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Home » Quotes » King John » My Lord Melun, let this be copied out

My Lord Melun, let this be copied out

Dauphin, handing a paper to Melun
My Lord Melun, let this be copied out,
And keep it safe for our remembrance.
Return the precedent to these lords again,
That having our fair order written down,
Both they and we, perusing o'er these notes,
May know wherefore we took the Sacrament,
And keep our faiths firm and inviolable.
Salisbury
Upon our sides it never shall be broken.
And, noble dauphin, albeit we swear
A voluntary zeal and unurged faith
To your proceedings, yet believe me, prince,
I am not glad that such a sore of time
Should seek a plaster by contemned revolt
And heal the inveterate canker of one wound
By making many. O, it grieves my soul
That I must draw this metal from my side
To be a widow-maker! O, and there
Where honorable rescue and defense
Cries out upon the name of Salisbury!
But such is the infection of the time
That for the health and physic of our right,
We cannot deal but with the very hand
Of stern injustice and confusèd wrong.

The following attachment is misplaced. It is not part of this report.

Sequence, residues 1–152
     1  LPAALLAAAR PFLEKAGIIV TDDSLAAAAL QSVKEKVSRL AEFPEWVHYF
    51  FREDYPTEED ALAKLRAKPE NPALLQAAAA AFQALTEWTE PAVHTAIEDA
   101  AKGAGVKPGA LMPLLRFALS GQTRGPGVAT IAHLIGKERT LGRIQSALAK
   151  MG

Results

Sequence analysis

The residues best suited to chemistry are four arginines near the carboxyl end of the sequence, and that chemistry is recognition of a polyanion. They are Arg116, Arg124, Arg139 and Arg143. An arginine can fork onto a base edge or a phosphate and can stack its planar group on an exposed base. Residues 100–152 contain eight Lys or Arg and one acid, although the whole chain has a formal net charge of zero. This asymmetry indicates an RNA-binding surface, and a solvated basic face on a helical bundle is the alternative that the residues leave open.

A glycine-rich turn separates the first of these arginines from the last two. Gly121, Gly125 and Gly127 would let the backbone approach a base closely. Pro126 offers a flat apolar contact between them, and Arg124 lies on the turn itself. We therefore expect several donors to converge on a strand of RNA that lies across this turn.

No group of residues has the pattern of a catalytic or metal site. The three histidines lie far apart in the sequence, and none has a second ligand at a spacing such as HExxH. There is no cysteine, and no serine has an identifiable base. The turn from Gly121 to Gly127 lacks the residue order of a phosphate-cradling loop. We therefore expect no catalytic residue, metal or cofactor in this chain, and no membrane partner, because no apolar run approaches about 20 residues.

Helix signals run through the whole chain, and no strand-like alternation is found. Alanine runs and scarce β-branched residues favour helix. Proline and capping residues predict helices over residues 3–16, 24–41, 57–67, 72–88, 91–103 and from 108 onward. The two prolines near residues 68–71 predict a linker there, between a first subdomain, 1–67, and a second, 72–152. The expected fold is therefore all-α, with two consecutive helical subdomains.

And is ‘t not pity, O my grievèd friends,
That we, the sons and children of this isle,
Was born to see so sad an hour as this,
Wherein we step after a stranger, march
Upon her gentle bosom, and fill up
Her enemies' ranks? I must withdraw and weep
Upon the spot of this enforcèd cause,
To grace the gentry of a land remote,
And follow unacquainted colors here.
What, here? O nation, that thou couldst remove,
That Neptune's arms, who clippeth thee about,
Would bear thee from the knowledge of thyself
And grapple  thee unto a pagan shore,
Where these two Christian armies might combine
The blood of malice in a vein of league,
And not to spend it so unneighborly. He weeps.
Dauphin
A noble temper dost thou show in this,
And great affections wrestling in thy bosom
Doth make an earthquake of nobility.
O, what a noble combat hast thou  fought
Between compulsion and a brave respect!
Let me wipe off this honorable dew
That silverly doth progress on thy cheeks.
My heart hath melted at a lady's tears,
Being an ordinary inundation,
But this effusion of such manly drops,
This shower, blown up by tempest of the soul,
Startles mine eyes and makes me more amazed
Than had I seen the vaulty top of heaven
Figured quite o'er with burning meteors.
Lift up thy brow, renownèd Salisbury,
And with a great heart heave away this storm.
Commend these waters to those baby eyes
That never saw the giant world enraged,
Nor met with fortune other than at feasts
Full warm of blood, of mirth, of gossiping.
Come, come; for thou shalt thrust thy hand as deep
Into the purse of rich prosperity
As Louis himself.—So, nobles, shall you all,
That knit your sinews to the strength of mine.
And even there, methinks, an angel spake.

Source:
Act 5
Scene 2
Line 1

Source Type:

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